Fall Creek Pictures

1201 N. Tioga Street,
Ithaca, NY 14850

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rivest266 on March 9, 2017 at 2:34 pm

Listings began for this theatre on July 18th, 1986.


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Roger Katz
Roger Katz on September 5, 2009 at 6:28 pm

Closed earlier this year as a new Cinemapolis opened.

psomerf on January 18, 2006 at 9:17 pm

That small room certainly was cozy. If I had to go to the <ahem> necessary room during the show, I feared I would block the projection onto the screen.

BoxOfficeBill on November 15, 2005 at 4:29 am

Fall Creek Pictures represents a triumph of imagination, good taste, and dedicated showmanship. It occupies the site of an abandoned supermarket building in a non-commercial neighborhood a couple of blocks away from the photogenic Ithaca Falls whose picture graces many a NYS travel brochure. As far as I know, no supermarket ever materialized in the structure that was raised for it in the 1960s (it was considered too small and outmoded for the mega-marts that were beginning to sprout up at the time). In the winter of ‘85-’86, the operators of Cinemapolis on the Ithaca Commons Richard Szanyi and Lynne Cohen joined the arts and ecology entrepreneur Tsvi Bokaer in taking out a lease on the building. Within a few months they partitioned the interior into two theaters with comfortably-sized screens, deep-cushioned and well-staggered seats, and powder-blue fabric-covered walls with modern lighting.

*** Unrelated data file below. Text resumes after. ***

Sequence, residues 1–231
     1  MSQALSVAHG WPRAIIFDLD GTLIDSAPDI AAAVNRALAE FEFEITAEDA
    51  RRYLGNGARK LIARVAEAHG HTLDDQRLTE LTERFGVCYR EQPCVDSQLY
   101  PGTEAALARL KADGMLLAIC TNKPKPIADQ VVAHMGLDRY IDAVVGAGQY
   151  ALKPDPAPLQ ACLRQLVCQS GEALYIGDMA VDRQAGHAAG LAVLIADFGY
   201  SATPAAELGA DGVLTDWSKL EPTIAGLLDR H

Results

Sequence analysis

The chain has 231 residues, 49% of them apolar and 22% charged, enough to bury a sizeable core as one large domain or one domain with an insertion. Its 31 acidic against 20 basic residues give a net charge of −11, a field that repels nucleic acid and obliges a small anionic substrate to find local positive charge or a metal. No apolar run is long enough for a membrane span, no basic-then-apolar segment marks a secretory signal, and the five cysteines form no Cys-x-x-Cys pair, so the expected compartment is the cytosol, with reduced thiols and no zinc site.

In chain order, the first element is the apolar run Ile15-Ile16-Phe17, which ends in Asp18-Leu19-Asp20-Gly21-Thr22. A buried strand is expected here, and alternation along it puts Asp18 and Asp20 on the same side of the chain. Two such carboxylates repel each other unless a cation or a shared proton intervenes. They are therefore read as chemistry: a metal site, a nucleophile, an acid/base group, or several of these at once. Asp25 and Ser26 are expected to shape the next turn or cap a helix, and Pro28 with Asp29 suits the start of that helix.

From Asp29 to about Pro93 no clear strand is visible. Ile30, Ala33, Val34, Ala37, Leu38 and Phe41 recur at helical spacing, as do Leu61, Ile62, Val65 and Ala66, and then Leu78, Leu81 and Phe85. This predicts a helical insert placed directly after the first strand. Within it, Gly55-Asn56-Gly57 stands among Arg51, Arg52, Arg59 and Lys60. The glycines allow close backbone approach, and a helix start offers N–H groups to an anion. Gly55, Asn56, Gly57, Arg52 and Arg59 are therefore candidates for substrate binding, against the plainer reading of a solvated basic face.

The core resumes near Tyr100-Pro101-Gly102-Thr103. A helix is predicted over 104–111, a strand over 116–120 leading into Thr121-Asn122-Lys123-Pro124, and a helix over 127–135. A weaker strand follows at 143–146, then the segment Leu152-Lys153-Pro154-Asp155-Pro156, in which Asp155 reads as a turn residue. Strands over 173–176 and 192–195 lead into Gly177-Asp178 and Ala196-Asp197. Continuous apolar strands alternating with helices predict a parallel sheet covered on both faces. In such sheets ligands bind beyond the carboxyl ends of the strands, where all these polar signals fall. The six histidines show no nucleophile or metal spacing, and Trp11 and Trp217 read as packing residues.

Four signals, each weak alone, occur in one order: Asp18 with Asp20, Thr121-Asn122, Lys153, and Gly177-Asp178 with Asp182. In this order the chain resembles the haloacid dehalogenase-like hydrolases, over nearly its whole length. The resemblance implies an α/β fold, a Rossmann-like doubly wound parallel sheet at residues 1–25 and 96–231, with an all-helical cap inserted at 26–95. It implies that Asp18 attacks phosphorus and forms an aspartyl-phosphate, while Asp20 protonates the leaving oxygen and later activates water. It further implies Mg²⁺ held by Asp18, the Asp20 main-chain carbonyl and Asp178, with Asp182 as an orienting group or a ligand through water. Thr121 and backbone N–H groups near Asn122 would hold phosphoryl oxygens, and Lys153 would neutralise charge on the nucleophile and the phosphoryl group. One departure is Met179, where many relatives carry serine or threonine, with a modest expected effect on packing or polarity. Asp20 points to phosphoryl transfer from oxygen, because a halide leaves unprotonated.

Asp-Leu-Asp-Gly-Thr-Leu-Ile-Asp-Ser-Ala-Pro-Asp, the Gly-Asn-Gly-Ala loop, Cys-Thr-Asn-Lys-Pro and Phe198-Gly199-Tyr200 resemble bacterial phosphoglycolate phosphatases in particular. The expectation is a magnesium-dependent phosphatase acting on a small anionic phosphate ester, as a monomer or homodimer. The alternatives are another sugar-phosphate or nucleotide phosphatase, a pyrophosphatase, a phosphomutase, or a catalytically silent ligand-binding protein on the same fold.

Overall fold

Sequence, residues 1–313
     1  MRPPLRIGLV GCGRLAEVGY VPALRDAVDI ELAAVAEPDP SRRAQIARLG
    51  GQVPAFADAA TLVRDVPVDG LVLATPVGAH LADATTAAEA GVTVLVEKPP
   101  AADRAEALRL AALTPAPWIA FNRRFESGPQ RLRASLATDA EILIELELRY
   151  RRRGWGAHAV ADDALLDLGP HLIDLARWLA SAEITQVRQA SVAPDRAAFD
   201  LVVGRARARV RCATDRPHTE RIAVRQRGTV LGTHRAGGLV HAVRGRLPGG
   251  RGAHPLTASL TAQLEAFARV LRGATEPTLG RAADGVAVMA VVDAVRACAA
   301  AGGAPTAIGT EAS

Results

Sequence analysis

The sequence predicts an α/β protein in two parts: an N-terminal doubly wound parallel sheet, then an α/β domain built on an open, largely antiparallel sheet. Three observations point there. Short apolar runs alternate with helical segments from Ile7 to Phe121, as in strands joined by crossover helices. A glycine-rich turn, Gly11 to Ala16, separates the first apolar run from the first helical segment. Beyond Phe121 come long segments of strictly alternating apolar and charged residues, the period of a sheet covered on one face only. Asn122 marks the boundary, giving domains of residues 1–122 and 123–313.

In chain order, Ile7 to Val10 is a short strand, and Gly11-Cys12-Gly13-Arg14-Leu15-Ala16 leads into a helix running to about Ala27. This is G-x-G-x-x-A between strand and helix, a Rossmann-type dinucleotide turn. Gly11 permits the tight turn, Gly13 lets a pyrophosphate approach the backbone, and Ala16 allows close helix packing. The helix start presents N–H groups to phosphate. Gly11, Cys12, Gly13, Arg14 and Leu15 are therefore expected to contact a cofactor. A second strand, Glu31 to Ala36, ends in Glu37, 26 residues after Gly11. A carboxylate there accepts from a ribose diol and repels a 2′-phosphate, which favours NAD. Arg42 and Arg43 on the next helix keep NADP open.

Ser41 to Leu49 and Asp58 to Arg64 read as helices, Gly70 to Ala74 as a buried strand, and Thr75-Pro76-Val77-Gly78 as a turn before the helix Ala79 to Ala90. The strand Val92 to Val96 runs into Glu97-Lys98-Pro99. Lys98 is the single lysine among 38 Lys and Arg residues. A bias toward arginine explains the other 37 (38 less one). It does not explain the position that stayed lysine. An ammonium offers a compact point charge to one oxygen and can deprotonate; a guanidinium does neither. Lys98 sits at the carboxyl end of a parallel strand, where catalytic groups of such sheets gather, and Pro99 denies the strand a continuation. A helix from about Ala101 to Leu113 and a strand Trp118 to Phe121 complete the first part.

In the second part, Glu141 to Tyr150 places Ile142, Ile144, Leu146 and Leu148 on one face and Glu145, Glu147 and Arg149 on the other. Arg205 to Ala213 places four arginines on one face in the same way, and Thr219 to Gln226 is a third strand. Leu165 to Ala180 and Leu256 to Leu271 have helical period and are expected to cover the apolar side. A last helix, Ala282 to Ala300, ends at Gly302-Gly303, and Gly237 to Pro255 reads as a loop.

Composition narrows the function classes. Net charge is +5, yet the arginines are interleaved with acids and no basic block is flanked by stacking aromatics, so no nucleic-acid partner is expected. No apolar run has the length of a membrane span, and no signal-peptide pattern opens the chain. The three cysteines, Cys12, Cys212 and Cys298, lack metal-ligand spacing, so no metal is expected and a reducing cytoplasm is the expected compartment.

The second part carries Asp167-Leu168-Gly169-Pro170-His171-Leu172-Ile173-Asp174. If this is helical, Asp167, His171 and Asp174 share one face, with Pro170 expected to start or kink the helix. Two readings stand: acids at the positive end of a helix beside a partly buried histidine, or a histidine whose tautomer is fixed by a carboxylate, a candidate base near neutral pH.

At first Fall Creek Pictures dedicated one screen to classic revivals and move-over foreign films from his recently opened Cinemapolis on the Ithaca Commons, and the second screen to sub-runs of H’wood product from Hoyt’s (now Regal) Pyramid Mall megaplex. But business proved so successful that the theater soon eliminated sub-runs and began booking prestige openers from North America and around the world. Today the hallway leading from the box-office and refreshment stand (home-baked brownies, chocolate-chip cookies, herbal teas, and dark roast coffees, as at Cinemapolis) to the auditoriums is lined with posters from wonderful films shown there over the past two decades. They’re a wonderful reminder of the great stuff we’ve seen at this theater.

The Fall Creek Picture’s most distinctive touch came in 1989-90 with the addition of a third screen in a small room carved out from the side of the building. Here, in a space the size of a generous home living-room, and with about eighteen theater seats and (at first) a few upholstered easy chairs with large throw-pillows, one could see on a large wall-sized screen the very last sub-runs of the best films from Fall Creek, Cinemapolis, and even the Mall megaplex. I often wait until films played in that room, valuing it for its intimacy and sheer comfort. It’s like viewing the best of the best at home.